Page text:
“Amazingly, after a while, the program will be able to learn each filter that is going to be most predictive of a specific image or action,” adds Dr. Mignot, who references deep learning’s impact on facial recognition and speech recognition AI technologies. He posits sleep medicine is soon to jump on the bandwagon.

Deep Learning Models in Sleep

One of the strongest reasons to believe in the relationship between machine learning and sleep medicine is the value of stored and iterable data. In short, this means the AI can analyze data points one at a time, allowing it to iterate over in a loop, improving its own capabilities over time. In other words, each time deep learning technology makes a decision, it stores that decision. “This is especially important in sleep,” said Dr. Mignot, as he talks through sleep data.

He describes the process elaborately, and we’ll paraphrase here. Take the EEG. When you look at it, you don’t look at just one snapshot. You look at it over time. If it’s a stage one snapshot, you know it will either remain there or progress to stage two. It’s not random. So, as the machine learning program reads EEGs, it will take into account what it has seen before when it makes a determination in the next sleep stage. This is the iterative process in action.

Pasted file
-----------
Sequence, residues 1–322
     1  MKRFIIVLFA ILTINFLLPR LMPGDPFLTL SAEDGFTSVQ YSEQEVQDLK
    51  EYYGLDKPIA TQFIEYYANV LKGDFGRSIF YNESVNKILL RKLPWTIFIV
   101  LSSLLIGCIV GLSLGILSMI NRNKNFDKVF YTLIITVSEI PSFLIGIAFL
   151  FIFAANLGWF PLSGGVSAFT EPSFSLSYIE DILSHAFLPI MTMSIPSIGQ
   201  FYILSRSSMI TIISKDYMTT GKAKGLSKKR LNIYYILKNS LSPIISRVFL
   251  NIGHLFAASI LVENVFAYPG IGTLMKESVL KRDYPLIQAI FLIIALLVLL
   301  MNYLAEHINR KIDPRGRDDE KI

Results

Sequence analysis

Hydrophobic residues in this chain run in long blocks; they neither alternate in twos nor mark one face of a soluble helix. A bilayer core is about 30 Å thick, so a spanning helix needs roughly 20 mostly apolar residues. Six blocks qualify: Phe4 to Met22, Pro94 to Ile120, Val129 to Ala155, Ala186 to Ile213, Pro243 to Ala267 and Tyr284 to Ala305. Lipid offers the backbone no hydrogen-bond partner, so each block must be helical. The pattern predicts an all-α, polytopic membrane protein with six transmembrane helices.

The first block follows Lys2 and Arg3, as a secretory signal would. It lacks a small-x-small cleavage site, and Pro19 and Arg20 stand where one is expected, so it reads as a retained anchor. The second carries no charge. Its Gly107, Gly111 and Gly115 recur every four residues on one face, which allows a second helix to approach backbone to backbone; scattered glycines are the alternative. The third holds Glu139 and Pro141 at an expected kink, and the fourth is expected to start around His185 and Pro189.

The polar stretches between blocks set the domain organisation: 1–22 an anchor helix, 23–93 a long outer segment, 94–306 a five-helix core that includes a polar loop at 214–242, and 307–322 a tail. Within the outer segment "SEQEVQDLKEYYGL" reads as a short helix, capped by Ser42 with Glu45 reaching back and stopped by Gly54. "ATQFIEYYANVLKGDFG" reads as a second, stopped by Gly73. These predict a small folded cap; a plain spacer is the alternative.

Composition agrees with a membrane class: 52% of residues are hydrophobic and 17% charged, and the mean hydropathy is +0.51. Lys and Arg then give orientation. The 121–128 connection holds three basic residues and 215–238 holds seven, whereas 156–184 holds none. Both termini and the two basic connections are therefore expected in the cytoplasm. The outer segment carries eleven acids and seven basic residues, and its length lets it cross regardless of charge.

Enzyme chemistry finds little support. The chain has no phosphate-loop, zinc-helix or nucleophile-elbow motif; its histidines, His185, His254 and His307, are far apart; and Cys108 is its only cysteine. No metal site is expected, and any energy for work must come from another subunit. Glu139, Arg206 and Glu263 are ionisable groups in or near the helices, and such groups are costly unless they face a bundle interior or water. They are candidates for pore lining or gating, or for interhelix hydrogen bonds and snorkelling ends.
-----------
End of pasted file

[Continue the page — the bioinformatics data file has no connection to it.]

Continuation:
We agree, this is crucial. This type of training will help the computer process tests faster. It will improve the accuracy of scored studies. And hopefully, these “filters” will begin to spot the initial stages of sleep disorders from the onset, far faster than current processes allow.

AI Reveals Insights and Probabilities

Per Dr. Mignot, the next largest reason for the rise of deep learning technology in sleep is the value in probabilities. He dives into a very interesting sleep study example at the 1:01:10 mark in the webinar, but we’ll give you the quick takeaway: humans don’t always agree on scores, but an AI trained on thousands of human scores will be able to identify the areas where consensus is least likely, and then give probabilities for sleep staging based on learned responses.